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Op-Amp Circuits - Voltage Follower and Summing Amplifiers


Few days back, I wrote an article going over the basics of operational amplifiers (OpAmps) and showed how you can easily make two basic kinds of amplifiers: inverting and non-inverting. You can find that article Applications of an OpAmp: Operational Amplifier. In this article, we’ll go over three more useful applications beyond simply amplifying signals. If you have components at home, I encourage you to try building these circuits and seeing their effect for yourself.

Voltage Follower

 Voltage Follower

Also called a buffer or a unity gain amplifier, this is the most basic OpAmp circuit you can make. The voltage at the input is the same as the voltage at the output. Deriving this is trivial: the voltage at the output is the same as at V- because they are connected, and V- is always the same as V+, which is connected to the input.

voltage follower equation

Your first question might be: why? Couldn’t we have done the same by just connecting the input and the output directly? You could, but then you would have current flow between the two, and your voltage would be subject to losses in resistors.


For example, imagine you have the following circuit:

 voltage follower internal resistance 

The 1 kΩ resistor is the load you want to connect across the 5 V source, but you cannot remove the large internal resistance of 1 MΩ (1 million ohms). Connecting a 1 kΩ resistor across a 5 V source would typically give you a current of 5 mA, but here, the internal resistance lowers the current to a lowly 0.005 mA. However, let’s look at what happens when we add a voltage follower.

 voltage follower

Because no current flows into the inputs of an OpAmp, there is no voltage drop across the 1 MΩ resistor, so the voltage at the input is 5 V, thus making the voltage at the output 5 V. Because the two sides are isolated, the current on the right side is not affected by the large resistor on the left side. Now, we simply get 5 V across a 1 kΩ resistor, resulting in a current of 5 mA.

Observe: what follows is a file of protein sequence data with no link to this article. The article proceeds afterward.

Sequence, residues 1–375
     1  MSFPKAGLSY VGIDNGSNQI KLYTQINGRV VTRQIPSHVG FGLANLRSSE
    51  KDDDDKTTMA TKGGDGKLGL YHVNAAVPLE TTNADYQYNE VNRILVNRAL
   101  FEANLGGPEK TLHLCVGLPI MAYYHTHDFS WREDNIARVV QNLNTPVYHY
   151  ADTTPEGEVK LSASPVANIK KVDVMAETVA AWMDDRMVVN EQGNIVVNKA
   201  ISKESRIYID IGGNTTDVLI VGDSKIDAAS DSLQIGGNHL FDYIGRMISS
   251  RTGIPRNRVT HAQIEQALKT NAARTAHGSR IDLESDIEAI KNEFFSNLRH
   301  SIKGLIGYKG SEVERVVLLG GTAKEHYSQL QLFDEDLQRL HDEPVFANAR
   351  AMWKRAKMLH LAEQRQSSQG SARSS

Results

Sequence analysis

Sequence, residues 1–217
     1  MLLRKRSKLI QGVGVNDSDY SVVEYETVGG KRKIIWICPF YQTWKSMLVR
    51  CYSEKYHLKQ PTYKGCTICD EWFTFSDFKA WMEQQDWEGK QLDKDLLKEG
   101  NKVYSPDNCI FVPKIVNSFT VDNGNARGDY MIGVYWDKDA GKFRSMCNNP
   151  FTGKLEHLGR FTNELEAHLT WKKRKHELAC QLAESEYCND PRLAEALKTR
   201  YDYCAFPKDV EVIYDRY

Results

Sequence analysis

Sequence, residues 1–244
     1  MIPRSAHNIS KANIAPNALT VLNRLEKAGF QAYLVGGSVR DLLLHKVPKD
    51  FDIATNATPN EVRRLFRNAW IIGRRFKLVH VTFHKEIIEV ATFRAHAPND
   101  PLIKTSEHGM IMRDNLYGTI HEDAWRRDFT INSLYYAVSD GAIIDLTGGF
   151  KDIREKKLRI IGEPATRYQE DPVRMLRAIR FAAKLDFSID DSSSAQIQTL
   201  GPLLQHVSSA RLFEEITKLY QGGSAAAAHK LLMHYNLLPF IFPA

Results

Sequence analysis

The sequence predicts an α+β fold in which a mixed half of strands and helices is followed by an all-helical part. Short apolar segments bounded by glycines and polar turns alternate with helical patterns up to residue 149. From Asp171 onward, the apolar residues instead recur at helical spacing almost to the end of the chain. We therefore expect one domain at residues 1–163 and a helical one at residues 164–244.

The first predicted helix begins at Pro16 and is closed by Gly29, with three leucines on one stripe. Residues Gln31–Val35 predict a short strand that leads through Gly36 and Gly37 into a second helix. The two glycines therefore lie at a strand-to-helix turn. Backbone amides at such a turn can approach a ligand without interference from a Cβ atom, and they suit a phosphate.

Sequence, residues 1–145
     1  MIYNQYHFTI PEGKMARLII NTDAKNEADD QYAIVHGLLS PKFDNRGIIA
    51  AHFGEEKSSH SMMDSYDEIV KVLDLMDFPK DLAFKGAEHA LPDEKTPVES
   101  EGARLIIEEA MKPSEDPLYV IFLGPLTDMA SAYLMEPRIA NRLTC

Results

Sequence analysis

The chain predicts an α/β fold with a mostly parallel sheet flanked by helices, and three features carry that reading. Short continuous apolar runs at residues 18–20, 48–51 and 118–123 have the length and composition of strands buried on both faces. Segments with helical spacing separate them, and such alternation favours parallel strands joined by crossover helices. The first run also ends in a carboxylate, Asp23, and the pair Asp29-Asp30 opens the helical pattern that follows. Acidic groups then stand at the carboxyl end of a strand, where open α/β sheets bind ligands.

Non-inverting Summing Amplifier

Non-inverting Summing Amplifier

This configuration allows us to take two input voltages and have the output be their sum. First, note all of the resistors have the same value (the choice of value is arbitrary, all that matters is they are all the same). Because the two resistors at the bottom are equal, they create a voltage divider that halves voltage across them. Therefore, the voltage at V- is half of the output voltage. Since this voltage will be the same at V+ and no current flows into V+, you can write the following equation for the current: 

Non-inverting Summing Amplifier euation

Which can be reduced to:

 Non-inverting Summing Amplifier equation final

For example, if V1 is 5 V and V2 is 3V, the output will be 8 V.


If you tried to add more inputs and did the analysis, you would find that the relationship does not hold, so we are limited to two inputs here. However, that is not the case in our next circuit.

Inverting Summing Amplifier

 Inverting Summing Amplifier

This summing amplifier allows you to add as many inputs as you would like, but the output will be inverted this time. Here, we are demonstrating it with four inputs. Let’s see how it works.

Note once again that all of the resistor values are the same. V+ is connected to the ground, so it is at 0 V. This means V- is also at 0 V, and since no current flows into V-, we can write the following equation for the current:

 Inverting Summing Amplifier eqn

This simplifies to:

 Inverting Summing Amplifier eqn

For example, by setting the inputs to 1 V, 2 V, 3 V, and 4 V, we get an output of -10 V.

 Inverting Summing Amplifier example

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